The cobbles of Weatherfield have seen a host of famous faces, but for only the second time the British head of state walked down the street home to the ITV soap, celebrating its 60th year on screens.
On a 40-minute tour of the set and studios, the royal visitor, wearing a teal Angela Kelly outfit with matching hat, met a host of cast and crew of the show. She walked beside the cobbled street, before popping into the studio where the interior of the Rovers Return pub is filmed.
Queen Elizabeth began her tour with four actors who between them have more than 200 years service on the show.
Bill Roache, who plays Ken Barlow, Barbara Knox who is cast as Rita, Sue Nicholls who plays Audrey and Helen Worth, known to millions of soap fans as Gail, greeted the Queen with bows and curtsies outside the Rovers Return.
Roache told the Queen he had first seen her when she visited Jamaica in 1963, when he was serving as an officer with the Royal Welsh Fusiliers.
He added: “Thank you so much for coming today.”
Knox told the Queen when she first arrived: “Good morning, your majesty, you have brought the sunshine.
“You know you are like a ray of sunshine. And you’ve given us all such a lift (with) you coming, thank you very, very much indeed. We all absolutely adore you, the world adores you.”
The Queen, who asked how they had managed to keep filming during the pandemic, replied: “It’s really marvellous you’ve been able to carry on”, and Roache replied to laughter: “Well, ma’am, you’re the one who has carried on.”
Further up the street outside number five, Queen Elizabeth met the fictional “Bailey” family, and was told the set’s cobbles were the original ones taken from the old Granada street set in Manchester, before it moved three miles up the road to the new ITV Studios in 2013.
Kate Spencer, who plays Grace Vickers, warned the Queen: “Hard to walk on, as well, in heels.”
To laughter, the Queen, looking down at her shoes, replied: “No, I know. I’ve been told. Probably better not.”
After chatting to backstage production staff, including writers, camera operators, set designers and sound engineers, the Queen spoke to the fictional Dobson family, including Jennie McAlpine, who plays Fiz and Maureen Lipman, who plays Evelyn Plummer holding the lead of Bob, or Cerberus in the show, a pet whippet.
Next the Queen spoke to cast members who live on the “posh” side of the street, over the road from the terraced houses.
As the Queen studied the cast members she asked: “I have not been able to see it all the time.
“Are you all nice?” Ben Pryce, who plays Nick, stood alongside Corrie “villain” David, played by Jack P Shepherd, said: “I can confidently say Jack is a bad boy.
“There always has to be conflict.”
The royal visitor finished her tour outside the corner shop, speaking to cast including Jimmi Harkishin, who plays Dev, and being told of the sometimes challenging issues plot-lines in the soap have dealt with.
The Queen said: “Obviously people feel its something visible, they can relate to.
“You don’t really want too much real life do you?”
Next the royal visitor moved to the studio where she chatted with staff at the bar of the Rovers Return, talking about how the everyday lives of ordinary northern folk is reflected in the soap.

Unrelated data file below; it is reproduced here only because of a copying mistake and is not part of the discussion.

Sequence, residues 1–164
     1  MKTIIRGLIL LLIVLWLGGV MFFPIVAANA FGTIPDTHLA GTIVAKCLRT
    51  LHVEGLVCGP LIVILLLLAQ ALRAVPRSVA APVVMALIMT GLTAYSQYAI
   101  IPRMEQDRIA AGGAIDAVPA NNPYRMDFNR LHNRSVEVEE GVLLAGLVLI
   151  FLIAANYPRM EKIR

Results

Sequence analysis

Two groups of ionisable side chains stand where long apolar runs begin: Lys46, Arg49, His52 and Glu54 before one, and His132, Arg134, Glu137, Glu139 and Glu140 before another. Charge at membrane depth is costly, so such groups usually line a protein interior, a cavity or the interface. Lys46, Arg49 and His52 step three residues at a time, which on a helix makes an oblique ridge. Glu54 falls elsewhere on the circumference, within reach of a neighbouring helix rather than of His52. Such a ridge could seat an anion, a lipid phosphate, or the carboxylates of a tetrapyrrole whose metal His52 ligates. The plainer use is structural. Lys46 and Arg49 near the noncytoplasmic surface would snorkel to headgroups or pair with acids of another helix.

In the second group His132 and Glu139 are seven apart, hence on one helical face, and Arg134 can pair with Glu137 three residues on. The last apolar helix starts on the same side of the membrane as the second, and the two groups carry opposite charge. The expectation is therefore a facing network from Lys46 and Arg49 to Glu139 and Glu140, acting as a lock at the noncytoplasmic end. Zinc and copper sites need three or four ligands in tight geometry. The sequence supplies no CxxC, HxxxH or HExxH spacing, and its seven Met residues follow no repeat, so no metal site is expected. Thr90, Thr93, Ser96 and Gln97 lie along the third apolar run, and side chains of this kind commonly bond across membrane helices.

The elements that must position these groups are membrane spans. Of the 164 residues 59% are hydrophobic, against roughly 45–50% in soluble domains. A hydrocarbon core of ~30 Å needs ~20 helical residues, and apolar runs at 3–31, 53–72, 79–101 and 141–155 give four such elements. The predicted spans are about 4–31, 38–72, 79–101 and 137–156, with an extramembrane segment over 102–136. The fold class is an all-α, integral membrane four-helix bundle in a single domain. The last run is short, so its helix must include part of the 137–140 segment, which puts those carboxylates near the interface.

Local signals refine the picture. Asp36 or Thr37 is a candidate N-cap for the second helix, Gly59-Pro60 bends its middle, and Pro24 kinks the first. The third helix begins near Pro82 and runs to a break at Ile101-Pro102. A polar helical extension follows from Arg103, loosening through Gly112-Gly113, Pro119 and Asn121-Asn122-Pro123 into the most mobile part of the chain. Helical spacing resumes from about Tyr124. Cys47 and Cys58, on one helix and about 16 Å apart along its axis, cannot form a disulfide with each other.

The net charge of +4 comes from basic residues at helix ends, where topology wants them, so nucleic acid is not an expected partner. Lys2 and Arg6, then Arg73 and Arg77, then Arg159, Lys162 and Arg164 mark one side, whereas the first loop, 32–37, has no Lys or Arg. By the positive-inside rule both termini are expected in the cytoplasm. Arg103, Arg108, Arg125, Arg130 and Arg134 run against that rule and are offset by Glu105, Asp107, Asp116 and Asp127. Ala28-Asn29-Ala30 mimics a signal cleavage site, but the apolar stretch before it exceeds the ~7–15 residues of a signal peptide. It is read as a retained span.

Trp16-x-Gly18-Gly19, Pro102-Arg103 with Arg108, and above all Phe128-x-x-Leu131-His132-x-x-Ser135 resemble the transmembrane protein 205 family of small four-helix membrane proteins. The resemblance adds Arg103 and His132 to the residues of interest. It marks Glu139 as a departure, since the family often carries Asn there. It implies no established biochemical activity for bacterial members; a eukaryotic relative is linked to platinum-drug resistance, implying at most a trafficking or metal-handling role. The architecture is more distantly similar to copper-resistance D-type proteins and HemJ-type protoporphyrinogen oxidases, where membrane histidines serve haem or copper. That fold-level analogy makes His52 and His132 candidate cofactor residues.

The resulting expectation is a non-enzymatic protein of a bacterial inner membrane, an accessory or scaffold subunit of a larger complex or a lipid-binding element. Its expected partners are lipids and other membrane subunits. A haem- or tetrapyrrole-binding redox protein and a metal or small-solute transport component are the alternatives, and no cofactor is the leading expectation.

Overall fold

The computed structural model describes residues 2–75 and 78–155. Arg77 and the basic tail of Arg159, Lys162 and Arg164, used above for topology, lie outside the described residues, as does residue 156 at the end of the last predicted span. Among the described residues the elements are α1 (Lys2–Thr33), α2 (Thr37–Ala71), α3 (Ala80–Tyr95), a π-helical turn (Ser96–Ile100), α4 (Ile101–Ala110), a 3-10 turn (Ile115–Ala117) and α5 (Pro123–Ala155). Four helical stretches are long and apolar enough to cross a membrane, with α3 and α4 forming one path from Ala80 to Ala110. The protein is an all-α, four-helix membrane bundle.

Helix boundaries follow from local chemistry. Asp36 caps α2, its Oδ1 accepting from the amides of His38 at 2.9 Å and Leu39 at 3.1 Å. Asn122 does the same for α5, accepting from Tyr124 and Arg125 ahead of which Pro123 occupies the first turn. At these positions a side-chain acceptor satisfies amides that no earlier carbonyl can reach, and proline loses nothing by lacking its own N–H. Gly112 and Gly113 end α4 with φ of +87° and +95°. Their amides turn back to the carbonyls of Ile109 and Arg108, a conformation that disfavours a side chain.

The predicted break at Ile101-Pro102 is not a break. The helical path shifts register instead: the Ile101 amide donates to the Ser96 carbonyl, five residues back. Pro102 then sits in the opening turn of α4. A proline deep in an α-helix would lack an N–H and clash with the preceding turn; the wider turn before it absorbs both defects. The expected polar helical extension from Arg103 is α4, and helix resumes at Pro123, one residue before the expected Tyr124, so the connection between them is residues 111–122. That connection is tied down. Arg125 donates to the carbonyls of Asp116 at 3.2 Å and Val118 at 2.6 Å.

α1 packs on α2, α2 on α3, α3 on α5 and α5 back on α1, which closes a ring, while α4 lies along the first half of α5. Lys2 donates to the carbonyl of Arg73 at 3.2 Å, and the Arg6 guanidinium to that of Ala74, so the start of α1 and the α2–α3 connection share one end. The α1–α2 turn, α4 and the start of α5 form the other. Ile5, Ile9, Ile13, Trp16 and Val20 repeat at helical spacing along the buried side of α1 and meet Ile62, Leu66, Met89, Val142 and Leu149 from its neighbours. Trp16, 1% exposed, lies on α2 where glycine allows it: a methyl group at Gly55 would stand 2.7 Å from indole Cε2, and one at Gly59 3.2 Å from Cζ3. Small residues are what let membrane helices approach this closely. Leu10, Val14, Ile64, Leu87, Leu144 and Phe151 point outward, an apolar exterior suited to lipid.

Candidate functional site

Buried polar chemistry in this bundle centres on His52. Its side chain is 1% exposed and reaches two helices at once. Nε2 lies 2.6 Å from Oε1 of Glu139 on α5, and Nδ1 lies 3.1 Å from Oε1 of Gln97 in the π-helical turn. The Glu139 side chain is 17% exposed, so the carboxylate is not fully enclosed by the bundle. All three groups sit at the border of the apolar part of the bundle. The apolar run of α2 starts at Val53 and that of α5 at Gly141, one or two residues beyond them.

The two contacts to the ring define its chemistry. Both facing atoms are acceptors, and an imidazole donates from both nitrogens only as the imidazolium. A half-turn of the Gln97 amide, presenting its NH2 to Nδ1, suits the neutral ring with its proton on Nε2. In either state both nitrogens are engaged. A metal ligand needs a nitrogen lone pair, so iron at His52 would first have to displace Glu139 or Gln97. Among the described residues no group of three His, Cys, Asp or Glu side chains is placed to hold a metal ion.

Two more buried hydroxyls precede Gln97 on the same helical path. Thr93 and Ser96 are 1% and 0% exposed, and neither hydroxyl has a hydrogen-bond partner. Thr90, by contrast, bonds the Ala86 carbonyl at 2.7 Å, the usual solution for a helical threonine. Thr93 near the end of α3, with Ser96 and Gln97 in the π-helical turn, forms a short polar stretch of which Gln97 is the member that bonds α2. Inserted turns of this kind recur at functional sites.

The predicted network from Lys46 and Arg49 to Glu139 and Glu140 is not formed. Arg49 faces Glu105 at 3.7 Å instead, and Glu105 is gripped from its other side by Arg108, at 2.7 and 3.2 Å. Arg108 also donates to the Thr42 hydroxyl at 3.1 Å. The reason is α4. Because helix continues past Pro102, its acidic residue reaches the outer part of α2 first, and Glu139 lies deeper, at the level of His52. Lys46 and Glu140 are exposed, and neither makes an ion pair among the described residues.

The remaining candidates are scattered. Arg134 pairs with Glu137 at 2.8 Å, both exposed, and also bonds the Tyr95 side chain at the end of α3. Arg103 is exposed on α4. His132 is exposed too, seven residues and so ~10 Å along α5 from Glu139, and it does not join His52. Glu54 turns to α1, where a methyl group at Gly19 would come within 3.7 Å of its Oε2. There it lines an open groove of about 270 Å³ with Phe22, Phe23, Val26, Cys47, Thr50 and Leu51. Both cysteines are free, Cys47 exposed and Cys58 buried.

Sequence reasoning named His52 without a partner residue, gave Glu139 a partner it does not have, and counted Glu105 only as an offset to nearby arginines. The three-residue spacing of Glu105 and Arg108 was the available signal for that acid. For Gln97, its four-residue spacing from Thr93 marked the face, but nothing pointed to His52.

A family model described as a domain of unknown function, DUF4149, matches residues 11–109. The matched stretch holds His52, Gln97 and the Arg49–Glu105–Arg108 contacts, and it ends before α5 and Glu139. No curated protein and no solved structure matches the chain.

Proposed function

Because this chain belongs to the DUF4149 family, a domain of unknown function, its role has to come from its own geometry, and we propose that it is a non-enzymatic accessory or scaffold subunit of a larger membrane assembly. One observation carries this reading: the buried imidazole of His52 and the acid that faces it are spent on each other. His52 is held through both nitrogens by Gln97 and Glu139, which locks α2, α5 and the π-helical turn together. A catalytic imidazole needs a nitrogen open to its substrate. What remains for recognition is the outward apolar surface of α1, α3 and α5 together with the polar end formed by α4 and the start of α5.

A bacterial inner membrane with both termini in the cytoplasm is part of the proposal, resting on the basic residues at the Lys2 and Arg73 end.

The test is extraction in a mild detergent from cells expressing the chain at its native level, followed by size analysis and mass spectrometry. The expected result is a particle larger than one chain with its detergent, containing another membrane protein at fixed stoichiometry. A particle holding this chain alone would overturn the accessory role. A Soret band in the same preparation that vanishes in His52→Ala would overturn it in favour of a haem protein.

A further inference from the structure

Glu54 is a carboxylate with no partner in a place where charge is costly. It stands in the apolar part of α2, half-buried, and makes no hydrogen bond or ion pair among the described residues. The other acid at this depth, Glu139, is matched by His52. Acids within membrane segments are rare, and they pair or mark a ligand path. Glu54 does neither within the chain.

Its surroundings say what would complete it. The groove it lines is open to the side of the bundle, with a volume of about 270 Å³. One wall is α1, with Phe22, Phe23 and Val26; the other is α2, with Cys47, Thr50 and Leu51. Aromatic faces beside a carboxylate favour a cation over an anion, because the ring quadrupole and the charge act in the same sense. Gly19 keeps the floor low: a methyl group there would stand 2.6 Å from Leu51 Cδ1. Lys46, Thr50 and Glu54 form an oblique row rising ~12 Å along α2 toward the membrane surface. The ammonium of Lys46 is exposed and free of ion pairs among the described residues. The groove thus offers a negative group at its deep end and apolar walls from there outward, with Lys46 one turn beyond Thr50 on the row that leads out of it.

Sally Ann Matthews, who plays Jenny Connor, landlady of the fictional pub, told the Queen: “We know as actors how fortunate we’ve been to keep working when so many in the industry, it’s been so badly affected and a pub, as the hospitality sector has been so badly affected as well.”
Sally Dynevor, who plays Sally Webster said: “The great thing about Coronation Street is that we manage to have the comedy with the drama so that’s been a really, really important thing over the lockdown as well.”
Antony Cotton, who plays Sean Tully, added: “We’ve tried to make people laugh along the way.”
To laughter, the Queen replied: “Well, there wasn’t much to laugh about, was there?”
Finally the Queen was introduced to Charlotte Jordan, who plays Daisy Midgeley, the street “troublemaker” she was told.
The Queen replied: “I suppose life is a trouble.”
Before leaving to cheers and applause by the more than 300 cast and crew on the set, the royal visitor was presented with a “Corrie Cobble” from the original set, specially engraved by a local stonemason and some Newton & Ridley beer mats.
Afterwards Roache said the royal visit as an honour and “absolutely wonderful.”
He added: “She just smiles. She listens, she always has and she loves to be made to laugh.
“I’ve been lucky to meet her quite a few times and she’s always charming and a laugh is never far away. She came to our other set in 1982 and Prince Charles has been here.
“To have her here, to this set, is a wonderful bit of icing on the cake.”
Lipman added: “She was quite unbelievably calm with whoever you put in front of her.
“She just seemed extremely at ease, very comfortable to meet anyone and everyone.
“For us to have her here, today after England won… the sun shone, it was great. She appeared to have all the time in the world.
“She spent as much time talking to the crew as the stars.” John Whiston, managing director of continuing drama at ITV, said: “For everyone who works on Coronation Street this was a very special and very personal event.
“We felt deeply honoured to have Her Majesty walk down the cobbles and visit The Rovers.
“I hope Her Majesty went away knowing how much her visit meant to us in the North after what has been a very difficult and dark 18 months.
“It has been a real morale boost for all of us as we come out of the pandemic and look to the future.
“And with so many doors in Buckingham Palace, we hope Her Majesty will find a use for an original Coronation Street cobble. They make very effective doorstops.”